Toupie Lowther: Breaking the Mould


In the 1920’s Herstmonceux Castle was owned by Colonel Claude William Henry Lowther, a conservative MP and a theatre enthusiast. During the First World War, he had raised the Battalion of the Royal Sussex Regiment which was also known as Lowther’s Lambs. Do you ever wonder about the family of the people who owned the castle? Were they just as interesting? If so then Claude Lowther’s sister, Toupie Lowther may be a person of interest. While Toupie has been described as unpleasant and often not present, there was no doubt that she was an independent woman with great strengths and an air of mystery about her.

Born 16th April 1874 in London as the third child to father Lieutenant Francis William Lowther and mother Louise Beatrice Lowther, May ‘Toupie’ Lowther was a very interesting woman. While it was unknown when the nickname Toupie was introduced or its origins, it is what she was referred to in all historical contexts, including in official documents. Toupie had a normal childhood for someone of her status. She received an outstanding education starting as a young child being taught by a governess while learning French and German from her mother. Later on, she attended the Les Ruches boarding school just outside of Paris, which still to this day provides a highly regarded education. While at boarding school she had learned how to fence and play tennis. After graduating, Toupie went on to study En-Science at Sorbonne University in Paris.

May ‘Toupie’ Lowther (available under the Creative Commons Licence).

At the start of the 20th century, Toupie was a very highly respected woman in both Britain and France. Her skills in competitive fencing could be described as nothing short of a natural ability. At the age of 17, Toupie began studying fencing at McPherson’s Gymnasium and School of Arms which led to her time as an exhibition and competitive fencer. She toured nationwide demonstrating often for charity fundraisers and was very popular among the crowds. At a prestigious exhibition on 30th April 1898 Toupie had one of her most successful victories, with over 500 people present to watch her win.

A few short years later Toupie appeared on the world stage for her lawn tennis skills and continued to go on to become an international champion. She was known for her love of driving fast and drove herself across Europe for the majority of her lawn tennis competitions. She won the Women’s Single British Covered Championship in 1900, 1902, 1903, but had a brutal defeat in 1901. In 1906 Toupie made it to many final rounds of European competitions but often lost in the final round.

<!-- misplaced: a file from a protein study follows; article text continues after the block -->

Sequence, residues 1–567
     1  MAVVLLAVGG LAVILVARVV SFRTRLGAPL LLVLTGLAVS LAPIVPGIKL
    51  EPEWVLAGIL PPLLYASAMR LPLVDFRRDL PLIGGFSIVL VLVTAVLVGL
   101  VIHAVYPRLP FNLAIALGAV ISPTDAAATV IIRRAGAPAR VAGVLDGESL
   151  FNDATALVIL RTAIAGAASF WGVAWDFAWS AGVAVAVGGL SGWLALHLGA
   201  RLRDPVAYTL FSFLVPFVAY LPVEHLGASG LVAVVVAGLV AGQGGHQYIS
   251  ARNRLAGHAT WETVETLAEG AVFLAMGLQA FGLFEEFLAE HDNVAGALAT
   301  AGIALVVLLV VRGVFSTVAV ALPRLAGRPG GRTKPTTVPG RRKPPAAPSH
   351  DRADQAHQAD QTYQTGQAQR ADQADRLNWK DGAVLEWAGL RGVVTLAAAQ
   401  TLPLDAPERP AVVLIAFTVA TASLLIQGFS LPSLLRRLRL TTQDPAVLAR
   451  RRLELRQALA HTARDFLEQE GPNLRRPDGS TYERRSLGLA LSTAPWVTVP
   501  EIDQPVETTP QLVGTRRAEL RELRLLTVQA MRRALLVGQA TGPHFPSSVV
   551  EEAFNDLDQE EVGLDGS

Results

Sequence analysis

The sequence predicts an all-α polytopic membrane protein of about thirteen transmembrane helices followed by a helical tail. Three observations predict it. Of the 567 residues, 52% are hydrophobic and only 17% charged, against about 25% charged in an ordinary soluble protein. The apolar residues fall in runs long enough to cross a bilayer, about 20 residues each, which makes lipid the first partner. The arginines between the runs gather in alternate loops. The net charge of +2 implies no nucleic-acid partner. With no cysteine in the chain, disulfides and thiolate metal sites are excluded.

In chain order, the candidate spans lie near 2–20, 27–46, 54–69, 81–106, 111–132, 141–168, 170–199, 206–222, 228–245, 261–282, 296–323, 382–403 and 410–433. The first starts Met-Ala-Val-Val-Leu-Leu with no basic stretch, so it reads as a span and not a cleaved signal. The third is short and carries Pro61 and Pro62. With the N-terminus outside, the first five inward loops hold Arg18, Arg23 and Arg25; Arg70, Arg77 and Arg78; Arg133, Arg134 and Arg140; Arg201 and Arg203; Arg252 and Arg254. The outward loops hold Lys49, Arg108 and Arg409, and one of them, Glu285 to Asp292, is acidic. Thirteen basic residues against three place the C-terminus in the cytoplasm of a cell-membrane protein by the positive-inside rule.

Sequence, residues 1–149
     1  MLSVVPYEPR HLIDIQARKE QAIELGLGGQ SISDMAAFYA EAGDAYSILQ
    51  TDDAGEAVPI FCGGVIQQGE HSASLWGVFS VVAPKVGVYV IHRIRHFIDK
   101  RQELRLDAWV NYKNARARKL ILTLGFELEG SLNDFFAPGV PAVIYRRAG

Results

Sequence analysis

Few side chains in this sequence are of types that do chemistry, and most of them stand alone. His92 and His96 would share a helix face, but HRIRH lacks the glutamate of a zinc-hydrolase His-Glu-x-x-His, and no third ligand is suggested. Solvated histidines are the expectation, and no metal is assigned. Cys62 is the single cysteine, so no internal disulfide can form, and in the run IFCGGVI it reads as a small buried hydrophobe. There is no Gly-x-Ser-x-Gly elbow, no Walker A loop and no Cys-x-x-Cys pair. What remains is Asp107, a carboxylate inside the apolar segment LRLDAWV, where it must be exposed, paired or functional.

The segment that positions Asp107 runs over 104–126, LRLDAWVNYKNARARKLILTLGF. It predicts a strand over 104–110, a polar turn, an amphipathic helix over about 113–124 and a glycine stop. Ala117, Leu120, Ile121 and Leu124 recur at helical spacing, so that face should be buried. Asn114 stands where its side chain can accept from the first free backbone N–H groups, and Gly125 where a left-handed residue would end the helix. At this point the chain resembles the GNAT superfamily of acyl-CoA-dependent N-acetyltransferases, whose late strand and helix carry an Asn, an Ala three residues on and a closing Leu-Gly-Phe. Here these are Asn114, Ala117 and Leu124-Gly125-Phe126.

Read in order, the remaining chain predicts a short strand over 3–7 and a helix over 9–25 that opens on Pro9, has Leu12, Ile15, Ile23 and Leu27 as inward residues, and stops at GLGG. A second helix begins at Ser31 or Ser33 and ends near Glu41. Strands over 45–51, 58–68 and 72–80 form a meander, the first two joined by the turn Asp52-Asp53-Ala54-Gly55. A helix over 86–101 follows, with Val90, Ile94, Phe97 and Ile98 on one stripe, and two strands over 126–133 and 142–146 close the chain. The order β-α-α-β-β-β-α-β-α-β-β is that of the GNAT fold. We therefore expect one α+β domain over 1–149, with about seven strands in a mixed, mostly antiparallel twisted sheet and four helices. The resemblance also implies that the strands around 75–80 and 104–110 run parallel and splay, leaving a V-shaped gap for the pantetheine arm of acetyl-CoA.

Some of Toupie’s other skills included her known talent as a piano player, a composer, and her lovely singing voice. She was also an actor in films. Her appearances include Murder in Montparnasse, Suffrajitsu, The Pale Blue Ribbon and The Isle of Dogs. Toupie was also influential in some of the books written at the time.

By the time the First World War began in the summer of 1914 Toupie Lowther was 40 years old and had retired from her lawn tennis games. As the war began to take over the world as she knew it, Toupie did not hesitate to get involved. Living in France at the time Toupie put her love and skills for driving swiftly to use and became an ambulance driver who was recorded as an active service member in France. In expected Toupie fashion, solely driving an ambulance was not enough and she wanted to do more.

This resulted in Toupie’s idea to put together and create her own all-woman ambulance unit at the start of 1917. Joined by her business partner, Ms Hackett, who was in charge of the Canteen section of the Ambulance unit they began preparing for the Front. By mid-1917 the Hackett Lowther Ambulance Unit had come into effect and was fully prepared to start serving. After approaching the British Army to offer their services, the Hackett Lowther Ambulance Unit was given the necessary supply of ambulances. During the First World War there were many all-women initiatives such as the successful Endell Street Hospital in London. As more and more ambulances were provided the number of volunteers continued to grow. In London, many women were proud to serve their country with a surplus number of women looking to sign 6-month contracts.

Lieutenant Grace “Mac” Mcdougall and the Ford FANY ambulance named “Flossie” in Calais in 1915 with “Bob” Bailey (available under Creative Commons Licence).

By 1918 the Hackett Lowther Ambulance Unit was so strong it was given by the British to the French military to be incorporated into the sanitary unit in the I.P.S.E.A which was upsetting for Toupie. Although later on as the unit began to show their strengths together Toupie began to enjoy the team. Due to these War efforts, Toupie gained the Victory and war medal for the British government, from her service between December 14th, 1921 and July 19th, 1922 as well as the Croix de Guerre from the French government.

Toupie was a well-known member of the LGBTQ2+ community. In Una Troubridge’s daybook she is described as a lesbian. It is widely known that Toupie spent many nights with Una and her partner at Radclyffe Hall in London’s lesbian and gay underground bars after the end of the war.

In conclusion, we here at the castle believe that Toupie was an outstanding woman. Her wide variety of skills and talents make her a proud part of the Castle’s history and one we hope more can learn about. In a 1919 article in The Times, Toupie was described as ‘a woman who could hold her own in anything that required skill and brains’!

Tegan Elliot, 1st Year Arts Student, Queen’s University Canada.


Bibliography:

Brown, Val. Toupie Lowther: Her Life. Matador, 2017.

TNA, WO 372/23/23706, Lowther, Toupie Medal Card

‘Englishwomen With The French Army – Miss Toupie Lowther’s Unit’, The Times, 5 August 1919. p. 13.